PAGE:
“With eyewear, tiny differences are so important. They might vary by a few tenths of a millimeter. I’ve been asked to vary the angle of the nose bridge by one degree, and these printers can do that. Then I’ll send the customer the different versions,” says Devasagayaum.
The self-supporting powder bed of the Fuse 1 SLS technology allows users to pack parts efficiently, nesting them or stacking them to take full advantage of every bit of powder. Printing more than 10 frames at once is now possible. This simplifies the workflow and makes it easy to post-process them together in the Fuse Sift. Offering multiple variations at once has helped Plastinax secure contract orders after just one back-and-forth conversation. For one order, a competitor had submitted frames but sent them with the wrong lens size, and Plastinax was able to step in. “In a matter of hours we were able to find the right size, 3D print the frames, and send them a new print the next day,” says Devasagayaum.
Simplified SLA and SLS Workflow
Having a powerful industrial solution in-house helps keep the workflow efficient. Devasagayaum uses both SLA and SLS in his design process, and the accessible footprint of both printers makes it easy to move from one technology to the other over the course of a day. While the Fuse 1 is working on functional prototypes that accurately display tiny measurement differences, the Form 2 could be printing two frames in Clear Resin that will be painted to show options for the final aesthetic finish.
“Both technologies help my design process. The Nylon 12 Powder is similar to the final polyamide the frames will be made of with injection molding and some varnish and patterns can be applied to the Clear Resin parts so they can see what finishes we can make. We’re able to use both — both the surface quality of SLA, and the strength and durability of nylon.”
Steeven Devasagayaum, Plastinax Design Engineer
The similarity of nylon to polyamide helps customers get an idea of the weight and strength of their finished, injection molded frames. For one customer with a design brief for safety goggles, Devasagayaum printed several rapid prototypes to show the customer’s marketing team. The safety goggles had to be durable, impact-resistant, with slight flexibility, so SLS was the perfect fit. “We were able to quickly varnish them, and they looked like the finished plastic injected versions,” says Devasagayaum.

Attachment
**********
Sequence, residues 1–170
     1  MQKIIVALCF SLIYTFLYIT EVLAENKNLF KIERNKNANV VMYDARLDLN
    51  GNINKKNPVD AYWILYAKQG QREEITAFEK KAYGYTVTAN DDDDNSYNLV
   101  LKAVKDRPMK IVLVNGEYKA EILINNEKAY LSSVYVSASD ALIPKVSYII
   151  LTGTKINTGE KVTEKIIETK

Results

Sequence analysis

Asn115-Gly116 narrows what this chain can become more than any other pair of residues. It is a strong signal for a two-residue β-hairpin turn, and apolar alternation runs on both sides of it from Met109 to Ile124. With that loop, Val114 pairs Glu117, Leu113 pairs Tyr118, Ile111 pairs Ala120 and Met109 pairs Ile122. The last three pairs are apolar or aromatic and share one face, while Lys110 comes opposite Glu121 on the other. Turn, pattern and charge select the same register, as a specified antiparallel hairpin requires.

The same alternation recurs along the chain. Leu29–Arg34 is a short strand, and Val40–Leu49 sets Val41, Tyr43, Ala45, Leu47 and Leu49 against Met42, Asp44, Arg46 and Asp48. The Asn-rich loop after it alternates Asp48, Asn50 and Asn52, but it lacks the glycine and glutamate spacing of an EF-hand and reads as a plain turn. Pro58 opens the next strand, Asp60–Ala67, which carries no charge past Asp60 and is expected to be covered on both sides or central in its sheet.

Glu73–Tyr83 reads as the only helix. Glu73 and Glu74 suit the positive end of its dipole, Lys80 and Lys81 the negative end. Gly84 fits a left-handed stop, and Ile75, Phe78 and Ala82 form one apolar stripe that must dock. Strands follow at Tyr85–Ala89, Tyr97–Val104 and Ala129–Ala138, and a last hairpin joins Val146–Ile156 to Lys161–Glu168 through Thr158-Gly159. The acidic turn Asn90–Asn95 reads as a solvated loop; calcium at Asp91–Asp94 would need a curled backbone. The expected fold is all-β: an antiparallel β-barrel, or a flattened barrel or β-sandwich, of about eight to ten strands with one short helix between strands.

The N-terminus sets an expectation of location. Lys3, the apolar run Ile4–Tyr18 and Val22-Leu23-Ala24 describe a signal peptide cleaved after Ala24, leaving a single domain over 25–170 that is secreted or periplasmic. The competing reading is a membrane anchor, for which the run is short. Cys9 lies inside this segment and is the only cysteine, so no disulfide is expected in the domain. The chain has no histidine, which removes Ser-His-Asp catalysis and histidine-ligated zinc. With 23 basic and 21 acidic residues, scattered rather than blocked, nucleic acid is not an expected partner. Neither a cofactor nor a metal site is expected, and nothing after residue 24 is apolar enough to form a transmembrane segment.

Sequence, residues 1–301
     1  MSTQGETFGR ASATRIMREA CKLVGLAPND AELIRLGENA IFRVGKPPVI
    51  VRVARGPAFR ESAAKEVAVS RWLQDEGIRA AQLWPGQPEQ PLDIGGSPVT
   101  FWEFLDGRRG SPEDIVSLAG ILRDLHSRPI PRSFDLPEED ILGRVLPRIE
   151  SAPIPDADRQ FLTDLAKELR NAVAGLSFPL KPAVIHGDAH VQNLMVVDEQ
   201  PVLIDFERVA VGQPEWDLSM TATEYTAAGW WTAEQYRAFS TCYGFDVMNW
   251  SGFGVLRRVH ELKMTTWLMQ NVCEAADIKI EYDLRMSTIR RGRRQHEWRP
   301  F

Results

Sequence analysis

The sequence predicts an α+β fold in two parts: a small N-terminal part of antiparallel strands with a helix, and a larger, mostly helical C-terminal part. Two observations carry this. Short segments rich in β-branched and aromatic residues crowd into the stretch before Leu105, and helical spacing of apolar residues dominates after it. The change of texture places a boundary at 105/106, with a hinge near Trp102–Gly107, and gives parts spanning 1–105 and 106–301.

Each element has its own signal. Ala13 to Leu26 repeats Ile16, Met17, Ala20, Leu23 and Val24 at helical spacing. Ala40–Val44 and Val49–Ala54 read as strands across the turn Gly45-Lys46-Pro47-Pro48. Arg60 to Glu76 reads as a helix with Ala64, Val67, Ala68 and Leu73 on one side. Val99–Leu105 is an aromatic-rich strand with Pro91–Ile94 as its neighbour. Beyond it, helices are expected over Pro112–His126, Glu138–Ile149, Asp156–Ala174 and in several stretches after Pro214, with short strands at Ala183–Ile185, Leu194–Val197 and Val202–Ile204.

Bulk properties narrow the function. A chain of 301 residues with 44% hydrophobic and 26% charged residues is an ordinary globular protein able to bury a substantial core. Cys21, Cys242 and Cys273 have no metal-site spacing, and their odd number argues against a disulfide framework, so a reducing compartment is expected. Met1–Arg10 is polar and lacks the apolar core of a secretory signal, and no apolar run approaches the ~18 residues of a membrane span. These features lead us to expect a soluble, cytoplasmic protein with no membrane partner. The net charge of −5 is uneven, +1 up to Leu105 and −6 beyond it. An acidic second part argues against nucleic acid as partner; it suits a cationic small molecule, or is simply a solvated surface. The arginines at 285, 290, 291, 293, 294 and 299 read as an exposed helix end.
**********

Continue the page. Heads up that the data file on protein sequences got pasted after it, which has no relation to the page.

The flexibility inherent in the Nylon 12 Powder parts also helps when fitting lenses in and out of the prototypes. Plastinax can offer a fully functional prototype with different thickness lenses for a variety of frames, giving the customers a model that looks and behaves exactly as the injection molded frames will.
Plastinax can now print 28 prototypes at once in the Fuse 1 when larger quantities are needed, such as an industry trade-show. “We can make these rapid prototypes that look and feel like the finished product easily in-house. If we had to outsource, it would have taken 10 days or more,” says Devasagayaum.
In addition to prototoyping, the Fuse Series also enables new tooling workflows for Plastinax. The slight flexibility of nylon and its high dimensional accuracy offers the possibility to devise, test, and produce durable toolings to help the production lines. For example, Devasagayaum prints lens formers and bases for lens cutting purposes, as well as bases for flex metal hinge insertions on the temple components or for holding frames still while drilling cavities for affixing customized metal logos.
Plastinax creates lens forming tooling (left) or bases for metal flex hinge insertion into the temple components of a pair of glasses, or for CNC drilling of cavities on frames for customized metal logos.
The eyewear industry is poised to become a frontrunner in customization. Glasses are one of the only products that are used both as a fashion statement and as a necessary part of life for millions of people who need corrective lenses. Both sides of the industry can benefit from customization based on face shape as well as personalized aesthetic decisions.
Plastinax knows that customization will be a high-value capability in the near future, and sees both SLA and SLS as workflow options. SLA 3D printed rapid tooling for injection molding with materials like Rigid 10K Resin offers an alternative to metal tooling, and direct-printed end-use frames in small volume series production on the Fuse 1 are already in Devasagayaum’s sights. “The possibilities are endless. The Form 2 changed the game in 2016 and the Fuse 1 was another game changer,” he told us.
To learn more about 3D printing eyewear frames, check out our application guide, or contact our sales team to learn more about bringing SLS and SLA 3D printing in-house.